Bank of Mexico Governor Alejandro Díaz de León rejected the notion that Bitcoin (BTC) could ever become a legal tender in the country, citing the price volatility as a huge obstacle to adopting for that purpose.
In a recent interview with Reuters, Governor Díaz de León said that Bitcoin’s position in today’s financial system is more comparable to that of precious metals than to fiat money distributed by central banks.
In stark contrast to El Salvador’s adoption of Bitcoin, whose government required local merchants to accept payments in BTC, Díaz de León does not think cryptocurrency is usable as legal tender:
“When someone receives Bitcoin in exchange for a good or service, we think the transaction is comparable to bartering, because that person has exchanged one good for another good, not money for a good.”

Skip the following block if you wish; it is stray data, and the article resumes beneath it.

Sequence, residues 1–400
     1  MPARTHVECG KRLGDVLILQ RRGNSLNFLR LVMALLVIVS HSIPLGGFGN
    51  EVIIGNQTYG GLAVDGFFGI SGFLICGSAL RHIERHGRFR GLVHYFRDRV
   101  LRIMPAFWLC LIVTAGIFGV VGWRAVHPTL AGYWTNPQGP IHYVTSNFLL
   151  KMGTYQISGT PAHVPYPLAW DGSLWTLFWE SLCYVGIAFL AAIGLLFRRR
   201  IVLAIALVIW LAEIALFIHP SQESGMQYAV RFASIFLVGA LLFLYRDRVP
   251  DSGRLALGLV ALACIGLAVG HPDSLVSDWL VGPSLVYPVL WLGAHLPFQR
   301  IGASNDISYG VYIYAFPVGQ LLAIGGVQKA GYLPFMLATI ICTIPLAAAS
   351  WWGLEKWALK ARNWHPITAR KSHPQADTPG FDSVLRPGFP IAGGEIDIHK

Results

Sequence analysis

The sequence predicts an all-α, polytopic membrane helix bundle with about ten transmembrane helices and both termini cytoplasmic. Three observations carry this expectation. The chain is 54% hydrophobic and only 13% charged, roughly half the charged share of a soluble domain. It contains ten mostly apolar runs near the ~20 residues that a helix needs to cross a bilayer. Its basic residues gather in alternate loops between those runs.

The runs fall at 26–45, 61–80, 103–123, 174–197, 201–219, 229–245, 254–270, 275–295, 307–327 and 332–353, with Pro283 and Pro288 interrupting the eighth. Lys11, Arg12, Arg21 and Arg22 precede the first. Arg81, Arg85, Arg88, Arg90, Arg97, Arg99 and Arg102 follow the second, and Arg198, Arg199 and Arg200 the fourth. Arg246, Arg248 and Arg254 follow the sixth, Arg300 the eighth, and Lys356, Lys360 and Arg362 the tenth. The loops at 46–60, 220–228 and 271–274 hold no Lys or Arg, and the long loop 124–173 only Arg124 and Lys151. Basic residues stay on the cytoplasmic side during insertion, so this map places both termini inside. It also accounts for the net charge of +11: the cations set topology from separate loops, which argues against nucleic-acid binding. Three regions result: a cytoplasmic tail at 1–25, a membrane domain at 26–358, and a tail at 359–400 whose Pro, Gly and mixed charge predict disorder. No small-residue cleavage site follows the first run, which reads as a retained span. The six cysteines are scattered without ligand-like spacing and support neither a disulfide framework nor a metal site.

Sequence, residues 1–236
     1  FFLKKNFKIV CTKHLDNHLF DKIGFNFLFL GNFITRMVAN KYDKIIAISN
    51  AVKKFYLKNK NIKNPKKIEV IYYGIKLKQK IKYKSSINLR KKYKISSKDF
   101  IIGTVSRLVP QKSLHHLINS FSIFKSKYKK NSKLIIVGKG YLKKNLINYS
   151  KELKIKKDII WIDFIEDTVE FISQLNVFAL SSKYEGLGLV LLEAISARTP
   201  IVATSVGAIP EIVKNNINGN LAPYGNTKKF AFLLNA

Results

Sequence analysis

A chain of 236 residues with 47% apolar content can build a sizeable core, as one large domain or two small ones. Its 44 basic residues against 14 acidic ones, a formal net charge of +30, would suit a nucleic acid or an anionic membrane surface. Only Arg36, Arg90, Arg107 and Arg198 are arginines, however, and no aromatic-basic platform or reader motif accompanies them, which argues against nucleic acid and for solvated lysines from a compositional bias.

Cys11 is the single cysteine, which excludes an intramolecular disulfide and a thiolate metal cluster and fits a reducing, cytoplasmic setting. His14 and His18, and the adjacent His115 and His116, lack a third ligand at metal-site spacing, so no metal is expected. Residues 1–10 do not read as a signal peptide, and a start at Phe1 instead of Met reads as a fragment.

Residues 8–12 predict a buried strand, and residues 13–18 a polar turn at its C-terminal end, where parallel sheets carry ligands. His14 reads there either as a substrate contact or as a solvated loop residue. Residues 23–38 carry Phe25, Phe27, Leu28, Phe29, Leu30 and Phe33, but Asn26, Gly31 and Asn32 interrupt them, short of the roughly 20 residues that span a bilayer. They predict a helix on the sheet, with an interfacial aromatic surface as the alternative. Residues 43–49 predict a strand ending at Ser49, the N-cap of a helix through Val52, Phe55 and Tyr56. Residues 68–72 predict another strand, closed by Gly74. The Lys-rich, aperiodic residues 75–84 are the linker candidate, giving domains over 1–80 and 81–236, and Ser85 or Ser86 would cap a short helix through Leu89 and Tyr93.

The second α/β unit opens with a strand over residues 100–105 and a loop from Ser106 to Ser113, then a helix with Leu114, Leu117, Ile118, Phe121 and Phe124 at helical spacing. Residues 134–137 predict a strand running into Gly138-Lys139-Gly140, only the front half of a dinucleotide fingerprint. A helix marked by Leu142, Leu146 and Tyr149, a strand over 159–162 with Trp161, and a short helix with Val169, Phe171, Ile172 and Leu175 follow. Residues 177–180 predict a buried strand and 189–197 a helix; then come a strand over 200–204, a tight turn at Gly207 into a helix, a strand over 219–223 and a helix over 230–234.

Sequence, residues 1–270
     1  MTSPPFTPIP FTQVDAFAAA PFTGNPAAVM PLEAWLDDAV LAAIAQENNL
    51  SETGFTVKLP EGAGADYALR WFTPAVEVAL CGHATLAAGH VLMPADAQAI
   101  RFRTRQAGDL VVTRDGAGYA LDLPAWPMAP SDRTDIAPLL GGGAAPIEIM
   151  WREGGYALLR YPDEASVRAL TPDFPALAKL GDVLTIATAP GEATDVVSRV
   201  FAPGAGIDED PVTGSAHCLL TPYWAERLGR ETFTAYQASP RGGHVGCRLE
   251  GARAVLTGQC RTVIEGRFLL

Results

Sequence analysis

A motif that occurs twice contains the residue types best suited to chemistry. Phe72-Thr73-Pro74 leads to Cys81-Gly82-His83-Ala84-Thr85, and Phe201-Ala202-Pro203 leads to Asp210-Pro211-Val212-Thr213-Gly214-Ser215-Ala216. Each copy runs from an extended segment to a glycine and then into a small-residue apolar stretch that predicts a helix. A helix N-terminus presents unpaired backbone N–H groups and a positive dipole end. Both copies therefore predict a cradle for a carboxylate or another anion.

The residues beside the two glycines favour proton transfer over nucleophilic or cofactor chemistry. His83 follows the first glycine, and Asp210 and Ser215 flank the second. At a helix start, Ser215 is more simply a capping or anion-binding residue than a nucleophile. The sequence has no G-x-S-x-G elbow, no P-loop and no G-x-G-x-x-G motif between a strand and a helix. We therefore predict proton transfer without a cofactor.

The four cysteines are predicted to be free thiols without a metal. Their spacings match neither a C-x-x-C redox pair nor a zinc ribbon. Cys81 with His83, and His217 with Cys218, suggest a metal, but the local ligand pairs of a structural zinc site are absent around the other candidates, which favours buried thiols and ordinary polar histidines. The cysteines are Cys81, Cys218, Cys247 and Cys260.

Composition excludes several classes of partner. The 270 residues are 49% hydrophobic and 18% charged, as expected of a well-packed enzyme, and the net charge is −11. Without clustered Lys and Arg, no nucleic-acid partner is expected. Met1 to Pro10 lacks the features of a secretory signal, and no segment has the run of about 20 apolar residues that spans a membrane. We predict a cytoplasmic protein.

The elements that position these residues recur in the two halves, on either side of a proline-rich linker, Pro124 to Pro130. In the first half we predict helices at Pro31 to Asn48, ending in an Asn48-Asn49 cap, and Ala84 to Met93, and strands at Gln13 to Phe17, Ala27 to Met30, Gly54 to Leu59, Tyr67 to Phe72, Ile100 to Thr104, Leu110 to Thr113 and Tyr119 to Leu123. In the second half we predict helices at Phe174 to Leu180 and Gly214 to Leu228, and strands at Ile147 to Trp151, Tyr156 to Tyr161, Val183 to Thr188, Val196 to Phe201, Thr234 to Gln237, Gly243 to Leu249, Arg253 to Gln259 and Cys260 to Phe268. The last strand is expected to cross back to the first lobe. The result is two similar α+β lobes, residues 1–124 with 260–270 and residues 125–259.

Díaz de León also highlighted the inherent risk represented by the extreme volatility of cryptocurrencies: a feature exploited to its advantage by the Salvadoran government which, after officially recognizing Bitcoin as legal tender, invested 10 million dollars in the asset during the recent dip.
The governor of the central bank of Mexico stressed the need for the currency to be stable in terms of both value and payment execution:
“People don’t want their purchasing power, their salary, to go up and down by 10% overnight. You don’t want this kind of purchasing power volatility. In that sense, it’s not. a good store of value. “
Related: Mexico may not follow El Salvador’s example on Bitcoin… for now
Mexican authorities recently issued a warning against the country’s financial institutions, reminding them that they cannot by law handle cryptocurrencies.
Risk Disclosure: The articles and articles on Arover.net do not constitute investment advice. Bitcoin and cryptocurrencies are high-risk assets, and you should do your due diligence and do your own research before investing in these currencies.